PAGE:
[r6rs-discuss] [Formal] Cleaning up make-transcoder's friends
cowan at ccil.org
Tue Nov 7 12:59:54 EST 2006
This message is a formal comment which was submitted to formal-comment at r6rs.org, following the requirements described at: http://www.r6rs.org/process.html
Submitter: John Cowan
Email address: cowan at ccil.org
Issue type: Defect
Report version: 5.91
Summary: Clean up make-transcoder to accept three symbol arguments.
The current design of make-transcoder (Section 15.3.3, pp. 86-87)
involves passing it up to three arguments:
1) The first argument specifies the encoding, and is an object of unknown
type (OUT) which is either:
a) the result of calling one of the standard *-code procedures; or
b) obtained by an implementation-specific method.
2) The second argument specifies the EOL style. It is either:
a) one of the symbols 'cr, 'lf, 'crlf, or 'ls; or
b) an OUT returned by the standard macro eol-style when passed
an identifier other than one of those four; or
c) an OUT returned by the standard procedure native-eol-style; or
d) an OUT obtained by an implementation-specific method.
3) The third argument specifies the error handling mode. It is either:
a) one of the symbols 'ignore, 'raise, or 'replace; or
b) an OUT returned by the standard macro error-handling-mode
when passed an identifier other than one of those three; or
c) an OUT obtained by an implementation-specific method.
In addition, if the third argument is omitted, it is the same as passing
'raise; if the second and third arguments are omitted, it is the same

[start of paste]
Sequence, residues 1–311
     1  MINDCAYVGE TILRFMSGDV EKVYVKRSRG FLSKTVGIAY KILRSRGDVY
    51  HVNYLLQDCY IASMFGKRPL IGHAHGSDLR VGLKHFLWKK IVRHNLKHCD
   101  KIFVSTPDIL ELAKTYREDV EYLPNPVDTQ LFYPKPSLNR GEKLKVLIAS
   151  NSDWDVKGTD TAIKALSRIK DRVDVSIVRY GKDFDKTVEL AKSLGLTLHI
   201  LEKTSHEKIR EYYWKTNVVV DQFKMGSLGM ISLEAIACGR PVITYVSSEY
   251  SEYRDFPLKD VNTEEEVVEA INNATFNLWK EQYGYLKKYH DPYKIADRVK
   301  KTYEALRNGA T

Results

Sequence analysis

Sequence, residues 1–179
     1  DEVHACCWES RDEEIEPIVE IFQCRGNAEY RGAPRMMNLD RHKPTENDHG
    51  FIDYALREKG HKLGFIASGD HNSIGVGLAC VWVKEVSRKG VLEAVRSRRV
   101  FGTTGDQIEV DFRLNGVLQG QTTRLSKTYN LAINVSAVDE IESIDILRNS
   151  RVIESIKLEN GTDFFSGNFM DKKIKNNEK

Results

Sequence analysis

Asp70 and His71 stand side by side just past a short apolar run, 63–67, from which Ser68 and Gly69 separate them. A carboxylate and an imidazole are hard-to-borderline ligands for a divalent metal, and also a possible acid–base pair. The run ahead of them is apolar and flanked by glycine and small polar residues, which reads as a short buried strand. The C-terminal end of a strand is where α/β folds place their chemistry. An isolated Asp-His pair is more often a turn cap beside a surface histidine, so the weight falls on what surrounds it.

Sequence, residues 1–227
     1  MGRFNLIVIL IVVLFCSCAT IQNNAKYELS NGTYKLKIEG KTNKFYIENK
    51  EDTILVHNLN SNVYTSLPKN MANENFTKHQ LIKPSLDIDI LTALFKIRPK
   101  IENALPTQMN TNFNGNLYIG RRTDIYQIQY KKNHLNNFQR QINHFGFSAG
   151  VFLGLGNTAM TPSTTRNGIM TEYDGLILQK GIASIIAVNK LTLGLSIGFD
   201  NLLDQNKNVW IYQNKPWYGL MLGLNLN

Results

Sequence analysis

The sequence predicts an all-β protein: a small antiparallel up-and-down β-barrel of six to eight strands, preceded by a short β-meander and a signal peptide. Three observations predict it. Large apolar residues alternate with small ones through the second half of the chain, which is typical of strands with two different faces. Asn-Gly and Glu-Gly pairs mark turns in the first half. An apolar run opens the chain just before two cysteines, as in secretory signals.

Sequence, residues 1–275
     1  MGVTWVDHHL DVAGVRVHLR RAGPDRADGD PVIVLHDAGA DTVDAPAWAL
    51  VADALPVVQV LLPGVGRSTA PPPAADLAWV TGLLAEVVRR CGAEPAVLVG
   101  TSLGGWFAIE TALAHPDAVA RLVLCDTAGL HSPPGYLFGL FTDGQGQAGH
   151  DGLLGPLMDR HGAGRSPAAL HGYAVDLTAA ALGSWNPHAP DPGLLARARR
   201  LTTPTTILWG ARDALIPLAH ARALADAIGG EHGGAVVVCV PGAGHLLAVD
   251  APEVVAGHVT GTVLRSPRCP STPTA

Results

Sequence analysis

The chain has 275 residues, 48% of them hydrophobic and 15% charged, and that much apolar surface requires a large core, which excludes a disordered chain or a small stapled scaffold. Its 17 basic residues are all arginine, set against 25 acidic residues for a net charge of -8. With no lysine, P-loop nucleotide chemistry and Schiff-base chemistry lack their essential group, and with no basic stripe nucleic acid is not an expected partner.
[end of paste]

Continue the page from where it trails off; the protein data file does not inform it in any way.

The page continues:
as passing (native-eol-style) and 'raise respectively.
I can see absolutely no benefit to this diversity of interface styles.
I propose that make-transcoder take exactly three arguments which must
1) If the first argument is 'latin-1 or 'utf-8 or 'utf-16 or 'local, the
transcoder will use the specified character sets. If it is a different
symbol, the meaning is implementation-defined.
2) If the first argument is 'cr or 'lf or 'crlf or 'universal, the
transcoder will use the specified EOL style, where 'universal means
"accept any EOL style on input, produce the local EOL style on output".
(For reference, the known EOL styles are CR, CR+LF, LF, NEL, CR+NEL, and
LS, where NEL = U+0085 and LS = U+2028.) If it is a different symbol,
the meaning is implementation-defined.
3) If the third argument is 'ignore or 'raise or 'replace, then the
transcoder will take the appropriate action on encoding errors. If it
is a different symbol, the meaning is implementation-defined.
Winter: MIT, John Cowan
Keio, INRIA, cowan at ccil.org
Issue lots of Drafts. http://www.ccil.org/~cowan
So much more to understand!
Might simplicity return? (A "tanka", or extended haiku)
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